Longtime Grand Forks politician and now a columnist for the Grand Forks Herald Eliot Glassheim joins us to talk (1) Federal Assistance after disasters and the requirements that need to go with that aid, (2) what “regular order” means in Congress, (3) the challenge that Senator Heidi Heitkamp ahead of her as she seek reelection to the US Senate and (4) his frustration at the Grand Forks City Council’s decision to have only one polling station for the November 2017 Sales Tax vote.
It’s budget season for municipalities and the City of Grand Forks published their FY 2018 Budget this past week. Dana Sande joined us to discuss the good and the bad of what is a challenging budget due to contracting revenues and infrastructure bills that are piling up. The President of the Grand Forks City Council discusses the decision not to fully fund the City’s Personnel budget and the ongoing discussion with citizens about the upcoming Sales Tax vote.
Sande is candid about the limited options that the Council has if the proposed Sales Tax initiative fails, with water rates and property taxes being the logical tools to service the infrastructure debt that the City will need to service in the upcoming years. A “Road Utility Tax” another option.
Grand Forks City Councilman Bret Weber was a strong advocate for raising the mil levy one half of one mil in order to fully fund the City’s FY 2018 Personnel Budget, a motion which failed on a 6-0 vote; we’ll talk about his rationale for the increase and why he think it failed in such an overwhelming way.
Speaking of mil increases, we’ll also discuss options the Council will have if the proposed Sales Tax measure fails at the ballot box in November, here are three:
(1) Do nothing additional with infrastructure; additional funding for the new water treatment plant collected from water rate increases
(2) Put “band aids” on infrastructure and levy those mils via the property tax; additional funding for the new water treatment plant collected from water rate increases
(3) Fully fund infrastructure mil requirements via the property tax; additional funding for the new water treatment plant collected from water rate increases
Keith Lund is the President & CEO of the Grand Forks EDC; he joined us to talk about an economic development deal that was brought to the Grand Forks City Council — J.R. Simplot’s construction of a new freezer facility north of Gateway Drive, set to open in 2019. He explains the benefits to the City of Grand Forks as well as the costs.
Todd Feland is the City Administrator of Grand Forks, he joined us to discuss and footnote key elements of Mayor Mike Brown’s Sales Tax increase proposal which was unveiled Monday night.
Todd walks us through the plan for infrastructure, to include 42nd St and 47th Ave South, the Plan for Reserves, the plan for existing infrastructure and the plan for use of both mils and sales tax revenue that is currently servicing permanent flood protection debt that goes away in 2021.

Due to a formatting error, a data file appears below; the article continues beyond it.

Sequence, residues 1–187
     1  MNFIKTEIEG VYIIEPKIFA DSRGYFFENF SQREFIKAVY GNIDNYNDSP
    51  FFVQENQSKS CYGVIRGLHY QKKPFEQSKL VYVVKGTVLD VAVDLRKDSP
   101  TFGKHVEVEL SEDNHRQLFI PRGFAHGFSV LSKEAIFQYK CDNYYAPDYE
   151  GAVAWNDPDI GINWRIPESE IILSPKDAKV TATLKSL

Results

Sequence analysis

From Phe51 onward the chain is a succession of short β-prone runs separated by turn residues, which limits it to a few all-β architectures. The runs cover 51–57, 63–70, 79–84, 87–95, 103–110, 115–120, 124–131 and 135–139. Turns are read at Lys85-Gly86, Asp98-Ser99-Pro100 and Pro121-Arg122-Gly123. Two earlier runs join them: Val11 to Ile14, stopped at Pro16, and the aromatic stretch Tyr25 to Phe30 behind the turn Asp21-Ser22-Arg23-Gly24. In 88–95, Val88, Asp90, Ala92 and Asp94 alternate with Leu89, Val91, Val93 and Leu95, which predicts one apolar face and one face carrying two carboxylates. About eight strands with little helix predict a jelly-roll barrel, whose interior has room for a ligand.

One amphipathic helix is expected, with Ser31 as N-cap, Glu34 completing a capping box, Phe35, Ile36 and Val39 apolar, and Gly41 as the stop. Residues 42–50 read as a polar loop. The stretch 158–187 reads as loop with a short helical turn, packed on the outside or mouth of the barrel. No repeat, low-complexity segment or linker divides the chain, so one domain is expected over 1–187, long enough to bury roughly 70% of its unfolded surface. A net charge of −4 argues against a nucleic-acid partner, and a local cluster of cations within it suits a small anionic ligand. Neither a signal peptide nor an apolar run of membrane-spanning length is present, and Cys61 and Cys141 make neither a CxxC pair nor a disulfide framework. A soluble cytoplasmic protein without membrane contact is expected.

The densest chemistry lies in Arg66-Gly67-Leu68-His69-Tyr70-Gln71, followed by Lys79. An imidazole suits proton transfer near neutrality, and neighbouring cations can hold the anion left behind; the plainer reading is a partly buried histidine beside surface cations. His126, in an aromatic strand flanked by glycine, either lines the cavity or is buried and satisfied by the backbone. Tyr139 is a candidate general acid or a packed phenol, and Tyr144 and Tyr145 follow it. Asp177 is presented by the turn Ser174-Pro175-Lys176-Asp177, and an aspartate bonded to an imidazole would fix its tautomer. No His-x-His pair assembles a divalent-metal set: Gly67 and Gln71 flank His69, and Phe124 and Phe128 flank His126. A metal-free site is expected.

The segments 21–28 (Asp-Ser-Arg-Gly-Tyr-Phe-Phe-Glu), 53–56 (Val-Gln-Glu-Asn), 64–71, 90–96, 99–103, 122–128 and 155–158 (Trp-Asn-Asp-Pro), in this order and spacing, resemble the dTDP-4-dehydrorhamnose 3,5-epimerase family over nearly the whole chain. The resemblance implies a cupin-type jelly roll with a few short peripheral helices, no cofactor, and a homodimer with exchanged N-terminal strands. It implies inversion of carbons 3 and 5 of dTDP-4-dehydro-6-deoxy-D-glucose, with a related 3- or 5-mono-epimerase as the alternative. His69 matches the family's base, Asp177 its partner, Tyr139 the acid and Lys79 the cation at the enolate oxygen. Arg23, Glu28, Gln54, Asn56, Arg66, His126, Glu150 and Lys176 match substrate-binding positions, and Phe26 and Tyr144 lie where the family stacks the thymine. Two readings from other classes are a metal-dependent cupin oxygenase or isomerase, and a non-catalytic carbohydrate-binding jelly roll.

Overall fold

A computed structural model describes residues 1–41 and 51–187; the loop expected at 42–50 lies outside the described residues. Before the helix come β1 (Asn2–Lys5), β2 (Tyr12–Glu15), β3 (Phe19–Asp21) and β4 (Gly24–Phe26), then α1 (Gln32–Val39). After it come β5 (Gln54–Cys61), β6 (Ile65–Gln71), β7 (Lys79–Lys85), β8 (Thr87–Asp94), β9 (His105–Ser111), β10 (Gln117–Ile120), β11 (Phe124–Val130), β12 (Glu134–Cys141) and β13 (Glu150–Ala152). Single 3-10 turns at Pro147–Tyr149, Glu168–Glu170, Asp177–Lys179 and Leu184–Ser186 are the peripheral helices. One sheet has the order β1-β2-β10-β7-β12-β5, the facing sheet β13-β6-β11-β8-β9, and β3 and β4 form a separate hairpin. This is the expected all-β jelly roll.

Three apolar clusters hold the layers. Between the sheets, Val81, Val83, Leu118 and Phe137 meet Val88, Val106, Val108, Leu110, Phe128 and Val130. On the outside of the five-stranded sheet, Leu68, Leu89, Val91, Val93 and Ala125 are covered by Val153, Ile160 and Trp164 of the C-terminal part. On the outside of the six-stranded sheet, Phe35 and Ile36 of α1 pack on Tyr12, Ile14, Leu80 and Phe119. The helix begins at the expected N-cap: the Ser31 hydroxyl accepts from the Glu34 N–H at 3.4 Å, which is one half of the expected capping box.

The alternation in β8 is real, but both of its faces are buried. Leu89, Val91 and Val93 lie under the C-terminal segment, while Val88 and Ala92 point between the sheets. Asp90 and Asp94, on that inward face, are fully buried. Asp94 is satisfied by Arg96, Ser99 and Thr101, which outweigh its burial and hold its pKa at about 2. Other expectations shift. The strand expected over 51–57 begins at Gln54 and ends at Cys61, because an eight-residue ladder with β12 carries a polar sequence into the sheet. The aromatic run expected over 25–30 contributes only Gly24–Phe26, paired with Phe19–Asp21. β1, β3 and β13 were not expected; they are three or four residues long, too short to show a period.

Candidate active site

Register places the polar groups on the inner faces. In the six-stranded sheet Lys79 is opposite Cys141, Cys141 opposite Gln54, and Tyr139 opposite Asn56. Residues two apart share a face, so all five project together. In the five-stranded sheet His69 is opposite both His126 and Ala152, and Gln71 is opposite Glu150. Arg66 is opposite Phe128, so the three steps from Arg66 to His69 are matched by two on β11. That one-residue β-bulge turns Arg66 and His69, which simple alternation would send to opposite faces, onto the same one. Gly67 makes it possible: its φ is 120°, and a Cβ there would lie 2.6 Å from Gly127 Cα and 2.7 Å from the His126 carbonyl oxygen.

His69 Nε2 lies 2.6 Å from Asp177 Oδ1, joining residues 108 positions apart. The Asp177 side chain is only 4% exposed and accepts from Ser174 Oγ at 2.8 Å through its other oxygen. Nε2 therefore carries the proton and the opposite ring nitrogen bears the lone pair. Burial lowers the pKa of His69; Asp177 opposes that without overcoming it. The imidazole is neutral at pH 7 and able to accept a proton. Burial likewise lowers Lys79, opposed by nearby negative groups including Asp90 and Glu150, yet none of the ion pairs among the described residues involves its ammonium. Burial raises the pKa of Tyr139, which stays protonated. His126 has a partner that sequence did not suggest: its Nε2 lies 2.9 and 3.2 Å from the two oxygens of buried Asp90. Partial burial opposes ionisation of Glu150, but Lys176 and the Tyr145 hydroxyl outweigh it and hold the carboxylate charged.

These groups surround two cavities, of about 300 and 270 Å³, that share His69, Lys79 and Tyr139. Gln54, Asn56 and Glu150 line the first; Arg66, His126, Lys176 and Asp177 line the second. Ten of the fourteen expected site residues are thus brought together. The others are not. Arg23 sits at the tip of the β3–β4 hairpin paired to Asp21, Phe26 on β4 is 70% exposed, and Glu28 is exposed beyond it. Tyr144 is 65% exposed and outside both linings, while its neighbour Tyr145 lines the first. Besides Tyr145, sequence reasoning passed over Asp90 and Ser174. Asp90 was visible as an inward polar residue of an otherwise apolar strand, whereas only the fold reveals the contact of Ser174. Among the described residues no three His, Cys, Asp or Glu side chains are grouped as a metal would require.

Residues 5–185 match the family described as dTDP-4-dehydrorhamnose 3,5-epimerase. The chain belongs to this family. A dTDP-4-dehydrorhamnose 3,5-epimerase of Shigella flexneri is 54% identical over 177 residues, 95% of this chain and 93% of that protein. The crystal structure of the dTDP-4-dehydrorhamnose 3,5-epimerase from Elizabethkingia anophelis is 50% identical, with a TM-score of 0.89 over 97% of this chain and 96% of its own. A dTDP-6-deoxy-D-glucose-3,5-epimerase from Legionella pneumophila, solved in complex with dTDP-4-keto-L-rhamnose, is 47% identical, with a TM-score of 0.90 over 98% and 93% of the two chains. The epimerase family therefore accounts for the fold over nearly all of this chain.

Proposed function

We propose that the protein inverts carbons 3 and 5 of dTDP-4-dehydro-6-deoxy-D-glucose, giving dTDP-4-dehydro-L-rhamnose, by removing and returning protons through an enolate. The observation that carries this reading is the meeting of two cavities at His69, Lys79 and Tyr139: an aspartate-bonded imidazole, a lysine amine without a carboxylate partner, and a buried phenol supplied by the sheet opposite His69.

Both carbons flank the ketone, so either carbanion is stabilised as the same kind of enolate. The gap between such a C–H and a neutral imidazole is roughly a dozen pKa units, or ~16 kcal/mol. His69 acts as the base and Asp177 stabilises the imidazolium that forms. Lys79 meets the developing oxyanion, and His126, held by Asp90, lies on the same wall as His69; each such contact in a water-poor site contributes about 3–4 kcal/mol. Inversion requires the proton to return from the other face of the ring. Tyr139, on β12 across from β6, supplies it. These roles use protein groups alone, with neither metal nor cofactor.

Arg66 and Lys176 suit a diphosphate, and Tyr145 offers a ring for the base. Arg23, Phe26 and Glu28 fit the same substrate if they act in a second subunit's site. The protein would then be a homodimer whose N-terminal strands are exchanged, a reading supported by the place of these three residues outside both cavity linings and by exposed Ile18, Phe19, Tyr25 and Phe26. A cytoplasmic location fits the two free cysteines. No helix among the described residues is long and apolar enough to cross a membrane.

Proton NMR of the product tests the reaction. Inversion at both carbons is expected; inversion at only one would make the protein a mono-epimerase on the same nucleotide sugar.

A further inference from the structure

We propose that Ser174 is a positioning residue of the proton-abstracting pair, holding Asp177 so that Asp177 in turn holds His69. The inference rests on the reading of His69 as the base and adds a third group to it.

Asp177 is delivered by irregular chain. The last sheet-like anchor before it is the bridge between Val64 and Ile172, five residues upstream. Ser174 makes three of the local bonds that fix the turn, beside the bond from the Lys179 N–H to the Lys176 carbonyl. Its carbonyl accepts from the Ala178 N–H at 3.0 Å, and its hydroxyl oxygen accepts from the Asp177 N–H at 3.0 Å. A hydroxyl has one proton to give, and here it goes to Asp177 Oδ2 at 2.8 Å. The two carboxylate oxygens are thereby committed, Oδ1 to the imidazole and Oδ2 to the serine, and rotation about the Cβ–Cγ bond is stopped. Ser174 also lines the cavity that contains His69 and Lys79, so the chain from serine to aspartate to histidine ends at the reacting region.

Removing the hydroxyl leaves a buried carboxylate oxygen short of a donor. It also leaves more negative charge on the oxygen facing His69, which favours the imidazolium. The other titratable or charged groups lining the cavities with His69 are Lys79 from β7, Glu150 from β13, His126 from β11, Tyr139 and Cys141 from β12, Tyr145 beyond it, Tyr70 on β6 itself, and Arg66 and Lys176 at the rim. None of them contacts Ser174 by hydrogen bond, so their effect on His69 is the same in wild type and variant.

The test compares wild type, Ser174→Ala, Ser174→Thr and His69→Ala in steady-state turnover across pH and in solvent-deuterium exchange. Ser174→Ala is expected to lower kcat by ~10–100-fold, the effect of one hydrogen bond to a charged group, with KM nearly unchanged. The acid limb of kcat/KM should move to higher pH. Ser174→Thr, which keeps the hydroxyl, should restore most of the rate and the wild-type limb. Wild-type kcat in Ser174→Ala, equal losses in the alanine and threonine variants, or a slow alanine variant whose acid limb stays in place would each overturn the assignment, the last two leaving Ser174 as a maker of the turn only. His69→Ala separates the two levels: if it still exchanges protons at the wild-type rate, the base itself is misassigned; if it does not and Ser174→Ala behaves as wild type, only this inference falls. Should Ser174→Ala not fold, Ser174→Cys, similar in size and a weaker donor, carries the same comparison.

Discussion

We also discuss the Mayor and Council’s alternatives if the sales tax is no approved. If you care to be part of an informed debate on the Sales Tax issue, you must listen to this.
My former Grand Forks City Council colleague Terry Bjerke joined the program to talk the prospects of a new sales tax discussion in Grand Forks. Terry is no stranger to the the details of this discussion and walks us through what he believes to be the basics of the any substantive discussion on additional revenue for the City:
ASSUMPTION: Declining City Sales Tax Revenue & declining State Infrastructure Funding will both return to “historically normal” levels within five years
REVIEW & DEFINE RESERVES HELD IN THE FOLLOWING ACCOUNTS: Loan & Stabilization, Economic Development, JDA, Cash Carryover
DEFINE INFRASTRUCTURE PROJECTS TO BE FUNDED: a finite prioritized list of those projects to be funded by additional taxes levied on the citizens of Grand Forks
With these fiscal pieces in place, Terry believes an empirically based debate can be held on the size and length of additional taxes that the City may need to levy on the citizens of Grand Forks.
Todd Feland, City Adminstrator for the City of Grand Forks joined us to talk about the City’s “Parks & Open Space Plan” in the wake of Jonathan Holth’s call for Grand Forks to create a Grand Plan for art in downtown Grand Forks.
Feland outlines what the City is doing currently which will be presented to the Committee of the Whole this coming Monday evening.
Dana Sande, President of the Grand Forks City Council, is concerned about the situation the City of Grand Forks finds itself in financially as a result of a decrease in State funding of infrastructure combined with a declining City Sales Tax. The Bottom Line – there are dark clouds on the horizon for every local government in the state.
In a pointed interview as the vote on Arbor Park gets under way, Sande expressed frustration over what he believes are falsehoods about the “standard Renaissance Zone incentives” that apply to the Ritterman project that could be built in Arbor Park if approved and emphasized the importance of this vote for much needed tax revenue and as a message to developers that Grand Forks is business friendly.
Steven Schadler was a Grand Forks Park District Horticulturist from 1988 trough 2002. He joins us to discuss the history of Arbor Park, its significance to those who built it and his estimate of the “cost” of moving Arbor Park.
Schadler also discusses his views as a horticulturist on how the City handled the move of Memorial Park when it was moved due to a development and his opinion of what today’s downtowns need to be vibrant.